Richard Garmany spent four decades living in a modest home in Avon. During that time, he traveled the world and was deeply immersed in various pursuits including skiing, playing the piano and harpsichord, tennis, fishing, and boating. A talented musician, Garmany studied piano as a child, and played with Houston Symphony at age 11.
Before his death in 2008, through his will, Garmany provided for a donor-advised fund at the Hartford Foundation for Public Giving. He designated his friend and former roommate David Polk as the fund advisor.
Garmany and Polk met over 35 years ago as co-workers at Aetna. They grew close over the years, bonding over a shared love of the arts and the outdoors. Garmany was godfather to one of Polk’s sons. Still, for years, Polk never knew of his friend’s philanthropic interests.
“He was an elegant and classy gentleman who was pretty quiet until you got to know him,” Polk said of Garmany. “Richard was a very private man, but it turned out that he had talked to a lot of people in the investment world” before deciding to establish a donor-advised fund at the Foundation.
Polk never imagined that his friendship with Garmany would lead to a philanthropic partnership that would enrich the lives of thousands of Greater Hartford residents.
By the end of 2012, the Richard P. Garmany Fund had awarded 78 grants totaling $1.8 million to support the work of area nonprofits. Garmany Fund grants have been awarded to the Hartford Symphony Orchestra for the Talcott Mountain Music Festival, the Chamber Music Series in his name at the Hartt School at the University of Hartford, Connecticut Guitar Society, Connecticut Choral Artists, and the New Britain Museum of American Art, among many other local arts and culture organizations.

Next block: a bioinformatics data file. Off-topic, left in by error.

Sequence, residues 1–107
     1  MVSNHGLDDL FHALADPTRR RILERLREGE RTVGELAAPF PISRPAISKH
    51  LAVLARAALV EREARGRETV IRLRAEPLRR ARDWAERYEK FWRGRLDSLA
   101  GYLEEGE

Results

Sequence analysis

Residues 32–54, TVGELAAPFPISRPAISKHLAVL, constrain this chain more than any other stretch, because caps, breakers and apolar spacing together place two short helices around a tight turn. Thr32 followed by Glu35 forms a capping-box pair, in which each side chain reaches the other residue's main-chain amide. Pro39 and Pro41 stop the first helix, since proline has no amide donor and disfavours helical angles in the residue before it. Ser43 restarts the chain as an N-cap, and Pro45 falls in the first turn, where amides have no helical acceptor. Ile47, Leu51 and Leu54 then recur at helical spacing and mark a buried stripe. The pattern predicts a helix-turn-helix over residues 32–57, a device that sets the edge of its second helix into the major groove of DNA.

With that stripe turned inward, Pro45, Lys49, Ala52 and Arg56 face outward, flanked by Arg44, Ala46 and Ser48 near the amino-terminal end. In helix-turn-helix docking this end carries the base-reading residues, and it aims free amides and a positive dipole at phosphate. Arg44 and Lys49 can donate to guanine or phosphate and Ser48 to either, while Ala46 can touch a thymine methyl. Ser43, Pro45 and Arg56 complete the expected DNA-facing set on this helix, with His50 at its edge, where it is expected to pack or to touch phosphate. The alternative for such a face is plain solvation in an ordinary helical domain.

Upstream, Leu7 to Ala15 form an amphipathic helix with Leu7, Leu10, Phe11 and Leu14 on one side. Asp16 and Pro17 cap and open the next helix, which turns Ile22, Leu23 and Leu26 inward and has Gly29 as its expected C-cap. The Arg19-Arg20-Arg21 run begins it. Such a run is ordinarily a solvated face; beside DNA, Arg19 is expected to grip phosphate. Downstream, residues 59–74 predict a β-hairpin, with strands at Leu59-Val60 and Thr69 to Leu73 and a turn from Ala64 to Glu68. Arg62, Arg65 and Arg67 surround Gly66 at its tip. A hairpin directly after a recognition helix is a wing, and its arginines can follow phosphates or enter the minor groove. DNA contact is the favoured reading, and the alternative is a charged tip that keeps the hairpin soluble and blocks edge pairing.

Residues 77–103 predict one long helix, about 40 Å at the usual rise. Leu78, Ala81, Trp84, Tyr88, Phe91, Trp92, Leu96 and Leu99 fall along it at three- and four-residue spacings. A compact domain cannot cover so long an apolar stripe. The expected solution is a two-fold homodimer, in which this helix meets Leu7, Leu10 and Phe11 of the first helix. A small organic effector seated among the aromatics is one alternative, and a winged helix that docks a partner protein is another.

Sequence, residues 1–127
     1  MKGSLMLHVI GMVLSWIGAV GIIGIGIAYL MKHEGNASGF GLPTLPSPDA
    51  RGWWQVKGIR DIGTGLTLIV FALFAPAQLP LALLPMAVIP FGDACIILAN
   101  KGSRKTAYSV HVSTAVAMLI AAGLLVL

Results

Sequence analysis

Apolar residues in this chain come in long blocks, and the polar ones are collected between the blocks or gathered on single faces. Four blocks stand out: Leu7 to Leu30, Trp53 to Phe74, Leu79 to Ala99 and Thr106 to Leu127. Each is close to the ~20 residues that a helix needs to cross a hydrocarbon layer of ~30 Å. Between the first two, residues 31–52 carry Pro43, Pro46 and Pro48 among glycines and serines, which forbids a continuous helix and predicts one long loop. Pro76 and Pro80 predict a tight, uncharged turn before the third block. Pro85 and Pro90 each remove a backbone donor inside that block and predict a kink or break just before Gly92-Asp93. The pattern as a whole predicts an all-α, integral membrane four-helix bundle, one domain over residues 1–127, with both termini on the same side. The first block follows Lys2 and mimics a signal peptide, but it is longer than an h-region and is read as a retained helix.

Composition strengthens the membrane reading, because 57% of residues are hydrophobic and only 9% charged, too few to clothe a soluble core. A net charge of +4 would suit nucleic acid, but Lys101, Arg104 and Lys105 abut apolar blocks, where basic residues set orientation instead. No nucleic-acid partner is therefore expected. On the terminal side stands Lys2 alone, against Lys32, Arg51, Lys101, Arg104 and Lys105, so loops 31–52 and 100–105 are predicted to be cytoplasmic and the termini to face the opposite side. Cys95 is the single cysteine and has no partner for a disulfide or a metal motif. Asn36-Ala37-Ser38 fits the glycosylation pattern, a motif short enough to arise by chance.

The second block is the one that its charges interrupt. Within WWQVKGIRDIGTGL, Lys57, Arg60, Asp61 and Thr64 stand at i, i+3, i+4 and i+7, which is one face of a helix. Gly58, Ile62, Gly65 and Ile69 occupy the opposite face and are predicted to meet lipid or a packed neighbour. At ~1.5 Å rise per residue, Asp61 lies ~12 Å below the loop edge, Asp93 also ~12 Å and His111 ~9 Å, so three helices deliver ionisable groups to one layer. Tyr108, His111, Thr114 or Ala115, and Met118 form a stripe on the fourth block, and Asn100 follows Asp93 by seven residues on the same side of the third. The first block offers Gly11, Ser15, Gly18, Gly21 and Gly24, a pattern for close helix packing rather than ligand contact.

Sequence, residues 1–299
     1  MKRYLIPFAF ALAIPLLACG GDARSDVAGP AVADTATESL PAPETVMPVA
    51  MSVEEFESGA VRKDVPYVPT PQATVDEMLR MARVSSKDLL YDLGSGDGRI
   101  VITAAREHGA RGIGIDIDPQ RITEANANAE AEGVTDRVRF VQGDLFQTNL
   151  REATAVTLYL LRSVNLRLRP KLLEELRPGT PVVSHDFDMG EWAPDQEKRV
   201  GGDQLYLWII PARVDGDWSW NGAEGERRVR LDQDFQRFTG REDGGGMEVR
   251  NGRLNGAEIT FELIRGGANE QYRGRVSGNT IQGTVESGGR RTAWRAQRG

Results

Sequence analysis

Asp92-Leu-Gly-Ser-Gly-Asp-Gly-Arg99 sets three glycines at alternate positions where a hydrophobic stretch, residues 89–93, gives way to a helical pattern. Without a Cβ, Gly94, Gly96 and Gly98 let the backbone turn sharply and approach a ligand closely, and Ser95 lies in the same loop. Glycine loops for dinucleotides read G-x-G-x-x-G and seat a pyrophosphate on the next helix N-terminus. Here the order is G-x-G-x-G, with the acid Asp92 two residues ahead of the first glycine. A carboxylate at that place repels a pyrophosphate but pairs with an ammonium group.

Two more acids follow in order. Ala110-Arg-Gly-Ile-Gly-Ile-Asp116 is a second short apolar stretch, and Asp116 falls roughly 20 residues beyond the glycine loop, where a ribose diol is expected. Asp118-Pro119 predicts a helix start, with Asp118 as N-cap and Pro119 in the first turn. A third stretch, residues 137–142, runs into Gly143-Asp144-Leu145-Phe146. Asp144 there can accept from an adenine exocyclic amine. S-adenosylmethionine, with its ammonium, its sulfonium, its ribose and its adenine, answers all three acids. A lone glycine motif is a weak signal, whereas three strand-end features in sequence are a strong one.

“I want the Garmany name to be synonymous with music and the arts in Greater Hartford,” said Polk.
Garmany’s generosity extends beyond the arts, providing new equipment at the Hospital for Special Care, Hurricane Irene recovery expenses for Riverfront Recapture, a new health center at the American School for the Deaf, a water quality monitoring program at the Farmington River Watershed Association, and a number of other contributions.
Mindful of Garmany’s love of the outdoors, the fund has also awarded grants for land preservation for a 38-acre mountaintop wilderness in Granby and a 73-acre forest on an historic Simsbury farm.
“I try to think about what Richard would do, what he loved,” said Polk. “It’s a lot of responsibility, and something I take very seriously. At the same time, it’s a great honor and privilege to share Richard’s legacy with the community.”
This fund was created through the estate of Richard Garmany. It supports a variety of nonprofit programs, with special interest in performing arts, nature conservancy and health care, in partnership with a fund advisor. You can contribute to this fund by donating online.
TOP—David Polk, left, in red, and Richard Garmany in green. Photo taken 2002.
BOTTOM—Garmany, driving the boat, and Polk, in the striped shirt, along with friends. Photo taken 1981.